Employees can’t win age discrimination lawsuits based solely on an offhand remark referring to an employee’s age. That’s because, unlike many other forms of employment discrimination, age discrimination cases require employees to prove that age was the reason for termination or some other negative employment action.

Unless there’s more evidence, a mere comment isn’t enough.

Recent case: Celia Hnizdor was 67 years old when her employer, Pyramid Mouldings, decided to consolidate many accounting and management functions from several locations in different states into one facility. The company moved the jobs to Florida.

However, Pyramid Mouldings concluded that it couldn’t offer transfers from Illinois for clerical employees like Hnizdor. Paying relocation costs wouldn’t be cost-effective when replacement employees could easily be hired in Florida.

Hnizdor got the bad news in a private meeting with the HR director. He told her that she would lose her job in the restructuring and then asked her how old she was. She told him and he allegedly suggested that it might be time for her to retire. She said she didn’t want to because she felt good and liked to work. Hnizdor was then terminated along with other clerks in Illinois.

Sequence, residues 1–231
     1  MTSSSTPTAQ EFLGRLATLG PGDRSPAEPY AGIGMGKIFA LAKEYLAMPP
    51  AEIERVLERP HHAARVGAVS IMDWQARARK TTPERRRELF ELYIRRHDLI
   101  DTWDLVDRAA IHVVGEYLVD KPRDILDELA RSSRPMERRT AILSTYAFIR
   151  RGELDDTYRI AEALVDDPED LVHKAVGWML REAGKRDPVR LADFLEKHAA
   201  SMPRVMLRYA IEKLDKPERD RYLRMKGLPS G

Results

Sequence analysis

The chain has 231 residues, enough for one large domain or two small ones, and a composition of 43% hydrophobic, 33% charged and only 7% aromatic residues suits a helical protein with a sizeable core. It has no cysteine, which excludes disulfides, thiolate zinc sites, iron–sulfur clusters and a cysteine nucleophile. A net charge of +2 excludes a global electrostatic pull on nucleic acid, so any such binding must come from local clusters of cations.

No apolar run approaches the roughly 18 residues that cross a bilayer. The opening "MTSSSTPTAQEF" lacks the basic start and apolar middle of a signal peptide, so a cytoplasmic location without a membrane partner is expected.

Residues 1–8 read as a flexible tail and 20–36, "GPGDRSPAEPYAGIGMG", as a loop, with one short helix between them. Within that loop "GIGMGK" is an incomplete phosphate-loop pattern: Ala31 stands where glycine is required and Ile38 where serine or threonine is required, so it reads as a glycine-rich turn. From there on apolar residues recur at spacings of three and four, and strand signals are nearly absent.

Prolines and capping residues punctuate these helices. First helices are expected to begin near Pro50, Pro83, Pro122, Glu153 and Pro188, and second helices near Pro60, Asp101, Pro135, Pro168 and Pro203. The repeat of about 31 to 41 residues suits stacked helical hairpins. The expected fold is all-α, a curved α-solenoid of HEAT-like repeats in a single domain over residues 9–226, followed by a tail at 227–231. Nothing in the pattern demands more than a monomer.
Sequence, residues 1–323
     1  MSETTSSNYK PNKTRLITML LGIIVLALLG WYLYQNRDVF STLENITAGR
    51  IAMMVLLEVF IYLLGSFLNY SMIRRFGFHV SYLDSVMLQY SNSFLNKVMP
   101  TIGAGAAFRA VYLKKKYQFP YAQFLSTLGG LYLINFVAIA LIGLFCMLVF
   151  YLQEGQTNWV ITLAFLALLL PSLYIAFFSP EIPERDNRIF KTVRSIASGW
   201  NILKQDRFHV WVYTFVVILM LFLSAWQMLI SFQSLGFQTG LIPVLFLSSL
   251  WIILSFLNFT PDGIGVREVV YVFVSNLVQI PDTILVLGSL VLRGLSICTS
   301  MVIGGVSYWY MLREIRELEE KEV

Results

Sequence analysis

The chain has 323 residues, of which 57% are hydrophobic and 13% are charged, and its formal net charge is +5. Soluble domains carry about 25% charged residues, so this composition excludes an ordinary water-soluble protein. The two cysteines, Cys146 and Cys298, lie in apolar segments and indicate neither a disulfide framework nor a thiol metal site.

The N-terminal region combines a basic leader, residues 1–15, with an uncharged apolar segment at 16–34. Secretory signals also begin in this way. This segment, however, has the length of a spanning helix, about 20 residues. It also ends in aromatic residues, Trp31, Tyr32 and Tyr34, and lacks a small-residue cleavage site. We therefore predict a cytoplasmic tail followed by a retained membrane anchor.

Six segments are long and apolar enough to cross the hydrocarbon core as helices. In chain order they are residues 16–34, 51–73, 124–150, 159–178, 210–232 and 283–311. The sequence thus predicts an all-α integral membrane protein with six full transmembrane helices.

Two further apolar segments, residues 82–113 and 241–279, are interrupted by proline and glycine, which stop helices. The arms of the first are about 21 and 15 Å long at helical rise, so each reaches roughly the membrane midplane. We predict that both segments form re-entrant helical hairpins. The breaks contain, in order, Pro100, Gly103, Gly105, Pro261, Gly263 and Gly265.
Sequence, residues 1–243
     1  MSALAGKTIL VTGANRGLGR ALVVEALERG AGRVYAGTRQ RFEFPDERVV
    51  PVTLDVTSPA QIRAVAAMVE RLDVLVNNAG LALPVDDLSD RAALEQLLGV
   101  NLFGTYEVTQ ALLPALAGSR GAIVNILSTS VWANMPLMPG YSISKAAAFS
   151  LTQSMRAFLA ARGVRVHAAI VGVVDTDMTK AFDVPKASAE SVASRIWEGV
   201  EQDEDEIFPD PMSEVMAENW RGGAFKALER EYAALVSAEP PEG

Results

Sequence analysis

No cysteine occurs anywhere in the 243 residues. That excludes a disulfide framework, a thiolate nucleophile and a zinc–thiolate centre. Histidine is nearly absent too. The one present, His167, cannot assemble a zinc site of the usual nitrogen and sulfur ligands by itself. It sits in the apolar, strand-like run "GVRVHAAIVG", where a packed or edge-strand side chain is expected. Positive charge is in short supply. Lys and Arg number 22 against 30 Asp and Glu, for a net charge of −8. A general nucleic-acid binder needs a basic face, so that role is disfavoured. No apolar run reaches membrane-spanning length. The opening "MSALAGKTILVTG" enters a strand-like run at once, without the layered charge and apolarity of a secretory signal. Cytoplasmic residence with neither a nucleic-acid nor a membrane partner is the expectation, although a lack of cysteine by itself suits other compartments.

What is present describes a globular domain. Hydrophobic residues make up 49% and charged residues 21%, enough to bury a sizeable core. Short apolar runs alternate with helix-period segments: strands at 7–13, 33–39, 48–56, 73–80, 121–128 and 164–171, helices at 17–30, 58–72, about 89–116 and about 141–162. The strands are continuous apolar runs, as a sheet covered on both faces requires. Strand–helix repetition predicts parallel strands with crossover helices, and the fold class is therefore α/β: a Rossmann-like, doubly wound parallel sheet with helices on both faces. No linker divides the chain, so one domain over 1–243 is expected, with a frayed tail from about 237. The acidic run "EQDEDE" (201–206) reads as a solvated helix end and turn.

She then sued, alleging she had been fired because she was 67. Her major piece of evidence was the comments allegedly made by the HR manager.

The court tossed out Hnizdor’s claim. It said that, in light of the other evidence that showed the company wanted to restructure its functions and hire Florida clerks, the comments attributed to the HR director weren’t proof that age was the reason she was terminated. (Hnizdor v. Pyramid Mouldings, No. 05-C-1740, ND IL, 2010)

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